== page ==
Doug and Elizabeth visited out Club on August 28th to update us on latest developments, including advice that they are movin g over to Cambodia in a couple of weeks to really immerse themselves into their project.. bubs and all :)


Grace Lutheran College Interact Club President Aaron presented them (pictured below left) with a cheque for $2,000.. Fantastic effort, guys!! It should be noted that Doug and Lizzy are both former students at Grace Lutheran College


Listening to their goals certainly gave us a greater insight on how they hope to improve the education of Khmer children and to assist their teachers.


The achievements to date of these dedicated people were both humbling and inspiring. Not willing to rest on these laurels, both Stepping Stones and Harvest Cambodia are embarking on a program of a building a Teachers Training College in Siem Reap. They envisage supporting a network of teachers and schools in the surrounding areas. Already Harvest Cambodia has established a group of Australian teachers willing to assist by volunteering their skills and by creating ancillary networks of support in their Australian home schools.


What a great opportunity for us as Rotarians to participate in meaningful change for the future of Khmer children by assisting in the creation of a Khmer Teachers Training Centre . 


The challenges to reach those goals gave us an appreciation of the hard work all four have already undertaken. 


Ironically, as Doug and Lizzy were addressing us, RC Kippa Ring Rotarian Bernard Van den Bergen was over in Cambodia visiting Steeping Stones and sent us below photo.




















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Donations in Kind (DIK) is a program supported by Rotary Clubs in Australia which grew out of the compassion and concern of returning overseas volunteers.



This recycling and reuse program involves the collection, sorting, packing, dispatch and distribution of donated items to countries in need of these goods.

Many goods and products, for which organisations in Australia have no further use, are valuable commodities in needy countries. While 50 computers with non-flat screen monitors and less than 1 gigabyte of memory may be obsolete for some corporate offices, they might instead be of significant value in helping the education of underpriveleged students in East Timorese universities or in assisting with the accountancy of microfinance finance projects in Africa. The most common commodities shipped overseas include educational goods; medical & pharmaceutical supplies and hospital equipment.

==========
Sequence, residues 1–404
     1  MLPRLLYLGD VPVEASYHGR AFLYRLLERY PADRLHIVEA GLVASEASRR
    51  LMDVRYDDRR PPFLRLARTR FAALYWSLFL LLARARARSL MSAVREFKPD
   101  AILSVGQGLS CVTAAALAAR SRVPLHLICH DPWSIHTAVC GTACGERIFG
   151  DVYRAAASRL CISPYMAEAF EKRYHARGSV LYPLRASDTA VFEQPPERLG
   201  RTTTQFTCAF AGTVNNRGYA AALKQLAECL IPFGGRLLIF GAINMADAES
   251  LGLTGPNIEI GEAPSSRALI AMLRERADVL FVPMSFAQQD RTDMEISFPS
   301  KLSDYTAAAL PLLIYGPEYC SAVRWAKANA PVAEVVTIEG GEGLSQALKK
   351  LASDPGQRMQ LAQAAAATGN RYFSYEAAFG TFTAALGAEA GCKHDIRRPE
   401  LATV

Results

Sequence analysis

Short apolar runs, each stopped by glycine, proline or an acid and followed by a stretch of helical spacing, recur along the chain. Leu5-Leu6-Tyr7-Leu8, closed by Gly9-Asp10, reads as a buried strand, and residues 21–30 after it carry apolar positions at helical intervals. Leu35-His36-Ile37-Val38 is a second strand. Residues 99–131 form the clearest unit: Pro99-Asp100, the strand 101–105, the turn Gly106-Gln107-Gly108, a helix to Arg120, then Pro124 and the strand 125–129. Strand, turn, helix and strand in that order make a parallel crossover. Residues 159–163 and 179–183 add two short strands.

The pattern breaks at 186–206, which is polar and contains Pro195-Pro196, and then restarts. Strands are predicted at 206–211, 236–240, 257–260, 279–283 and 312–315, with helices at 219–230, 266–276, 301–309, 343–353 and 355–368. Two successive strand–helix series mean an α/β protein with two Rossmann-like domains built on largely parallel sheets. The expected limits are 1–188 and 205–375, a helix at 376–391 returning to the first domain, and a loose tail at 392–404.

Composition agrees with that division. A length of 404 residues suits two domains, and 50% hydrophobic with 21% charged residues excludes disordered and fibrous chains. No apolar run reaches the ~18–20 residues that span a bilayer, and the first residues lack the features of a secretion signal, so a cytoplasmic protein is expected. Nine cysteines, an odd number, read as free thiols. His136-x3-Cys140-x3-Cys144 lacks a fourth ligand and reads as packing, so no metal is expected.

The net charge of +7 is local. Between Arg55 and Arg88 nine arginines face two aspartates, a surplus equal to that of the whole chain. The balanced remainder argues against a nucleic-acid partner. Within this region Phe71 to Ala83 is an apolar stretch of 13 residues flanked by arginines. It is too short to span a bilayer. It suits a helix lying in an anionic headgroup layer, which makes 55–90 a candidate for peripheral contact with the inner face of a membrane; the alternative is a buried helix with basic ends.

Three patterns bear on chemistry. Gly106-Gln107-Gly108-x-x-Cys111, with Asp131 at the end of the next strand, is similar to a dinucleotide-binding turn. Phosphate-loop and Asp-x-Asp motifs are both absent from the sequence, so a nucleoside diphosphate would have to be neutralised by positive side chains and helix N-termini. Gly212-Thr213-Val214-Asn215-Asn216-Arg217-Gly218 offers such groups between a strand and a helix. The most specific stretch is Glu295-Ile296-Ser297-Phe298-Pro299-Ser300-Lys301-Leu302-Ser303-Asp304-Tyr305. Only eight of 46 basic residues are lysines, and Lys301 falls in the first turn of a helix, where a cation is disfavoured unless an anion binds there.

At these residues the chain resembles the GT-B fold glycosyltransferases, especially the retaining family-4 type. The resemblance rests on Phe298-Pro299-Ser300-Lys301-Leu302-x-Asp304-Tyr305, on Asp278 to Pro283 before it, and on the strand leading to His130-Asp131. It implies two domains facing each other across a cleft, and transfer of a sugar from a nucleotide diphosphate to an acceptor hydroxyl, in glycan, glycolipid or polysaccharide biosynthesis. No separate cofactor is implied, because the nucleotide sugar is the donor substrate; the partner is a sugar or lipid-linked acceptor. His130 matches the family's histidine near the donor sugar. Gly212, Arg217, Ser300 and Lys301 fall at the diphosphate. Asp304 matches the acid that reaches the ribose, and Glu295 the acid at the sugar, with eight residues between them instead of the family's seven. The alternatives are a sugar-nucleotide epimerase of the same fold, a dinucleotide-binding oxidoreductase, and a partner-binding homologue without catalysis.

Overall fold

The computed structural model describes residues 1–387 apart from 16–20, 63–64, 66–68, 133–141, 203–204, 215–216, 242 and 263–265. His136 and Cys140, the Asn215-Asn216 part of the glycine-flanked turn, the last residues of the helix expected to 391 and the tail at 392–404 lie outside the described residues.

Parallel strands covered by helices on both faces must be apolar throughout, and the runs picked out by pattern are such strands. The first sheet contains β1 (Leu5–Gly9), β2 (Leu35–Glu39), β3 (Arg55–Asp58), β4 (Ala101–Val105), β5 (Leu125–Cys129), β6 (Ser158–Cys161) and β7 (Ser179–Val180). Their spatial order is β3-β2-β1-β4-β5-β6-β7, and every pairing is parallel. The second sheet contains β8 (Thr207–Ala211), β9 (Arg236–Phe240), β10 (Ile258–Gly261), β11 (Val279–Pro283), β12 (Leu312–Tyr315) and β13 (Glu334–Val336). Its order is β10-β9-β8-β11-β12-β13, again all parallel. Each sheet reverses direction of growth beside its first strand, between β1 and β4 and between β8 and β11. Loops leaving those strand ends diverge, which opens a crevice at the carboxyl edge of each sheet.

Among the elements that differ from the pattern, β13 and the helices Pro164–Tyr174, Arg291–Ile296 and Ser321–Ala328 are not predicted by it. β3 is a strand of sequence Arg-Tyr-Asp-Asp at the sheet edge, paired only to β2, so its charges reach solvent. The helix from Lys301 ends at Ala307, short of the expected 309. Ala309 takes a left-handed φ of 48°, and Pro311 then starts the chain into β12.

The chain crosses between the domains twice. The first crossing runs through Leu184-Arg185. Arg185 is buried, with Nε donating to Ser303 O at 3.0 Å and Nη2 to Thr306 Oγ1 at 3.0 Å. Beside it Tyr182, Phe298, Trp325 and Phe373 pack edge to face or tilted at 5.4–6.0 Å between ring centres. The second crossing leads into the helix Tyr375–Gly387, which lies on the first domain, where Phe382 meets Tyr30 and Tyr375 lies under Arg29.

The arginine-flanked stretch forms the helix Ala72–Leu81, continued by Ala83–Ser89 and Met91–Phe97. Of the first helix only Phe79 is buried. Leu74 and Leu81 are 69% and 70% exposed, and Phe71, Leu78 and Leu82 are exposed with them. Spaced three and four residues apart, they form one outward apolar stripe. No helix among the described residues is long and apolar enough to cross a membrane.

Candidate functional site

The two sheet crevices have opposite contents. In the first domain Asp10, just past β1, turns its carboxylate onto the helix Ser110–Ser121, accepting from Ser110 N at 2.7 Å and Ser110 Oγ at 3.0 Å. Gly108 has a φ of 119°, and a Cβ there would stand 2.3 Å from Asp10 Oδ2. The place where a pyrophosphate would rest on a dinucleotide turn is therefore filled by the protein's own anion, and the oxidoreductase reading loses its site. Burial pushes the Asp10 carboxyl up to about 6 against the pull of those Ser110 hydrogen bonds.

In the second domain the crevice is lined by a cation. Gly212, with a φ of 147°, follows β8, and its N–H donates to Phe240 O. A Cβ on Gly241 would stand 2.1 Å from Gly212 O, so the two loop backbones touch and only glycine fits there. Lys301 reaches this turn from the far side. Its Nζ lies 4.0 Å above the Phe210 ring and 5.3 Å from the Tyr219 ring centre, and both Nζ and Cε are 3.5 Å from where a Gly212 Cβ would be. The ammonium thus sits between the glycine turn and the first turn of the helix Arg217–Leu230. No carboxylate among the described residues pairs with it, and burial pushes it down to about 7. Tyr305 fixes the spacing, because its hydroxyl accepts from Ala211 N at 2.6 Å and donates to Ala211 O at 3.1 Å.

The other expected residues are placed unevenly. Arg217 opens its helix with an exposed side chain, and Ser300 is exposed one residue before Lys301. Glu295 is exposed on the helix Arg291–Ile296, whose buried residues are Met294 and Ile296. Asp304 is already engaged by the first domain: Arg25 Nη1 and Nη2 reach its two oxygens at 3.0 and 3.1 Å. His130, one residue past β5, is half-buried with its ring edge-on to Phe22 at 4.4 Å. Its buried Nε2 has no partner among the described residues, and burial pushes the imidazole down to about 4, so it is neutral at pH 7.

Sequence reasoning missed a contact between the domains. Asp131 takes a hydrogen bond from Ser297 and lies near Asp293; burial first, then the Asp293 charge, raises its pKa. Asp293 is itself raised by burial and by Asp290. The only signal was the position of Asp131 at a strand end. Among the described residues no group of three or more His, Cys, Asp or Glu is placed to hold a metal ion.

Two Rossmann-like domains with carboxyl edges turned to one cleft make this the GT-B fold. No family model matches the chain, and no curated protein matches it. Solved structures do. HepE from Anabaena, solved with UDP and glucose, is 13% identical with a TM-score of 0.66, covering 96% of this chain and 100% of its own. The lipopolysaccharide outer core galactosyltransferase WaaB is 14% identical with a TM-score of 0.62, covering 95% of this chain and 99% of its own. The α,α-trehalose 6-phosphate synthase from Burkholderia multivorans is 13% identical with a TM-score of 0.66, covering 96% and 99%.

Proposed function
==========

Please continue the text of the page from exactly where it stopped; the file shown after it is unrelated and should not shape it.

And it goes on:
Steps to Hope’ Project - Hope School Facility Upgrade, Kwaa Hill Community, Honiara, Solomon Islands
The main objective is for the Hope School to improve its facilities in terms of security and sanitation.
Currently the school consists of 70 students (4 to 9 years of age) from the Kwaa Hill community in Honiara, Solomon Islands. Kwaa Hill is a socio-economic disadvantaged community with the majority of families unable to find sufficient funds to sponsor their children to school. The upgrade to the Hope School facilities would allow an additional 30 students (a full school compliment of 100 students).
The R.C. of Kippa Ring-North Lakes facilitated a crowd sourcing initiative through Rotary International’s – Rotary Ideas which raised AUD1,424.42. This will support more children to stay at school, as it will reduce the financial hardship on village families. The goal of Steps To Hope is to help Hope Christian School in Honiara Solomon Islands become a government funded school.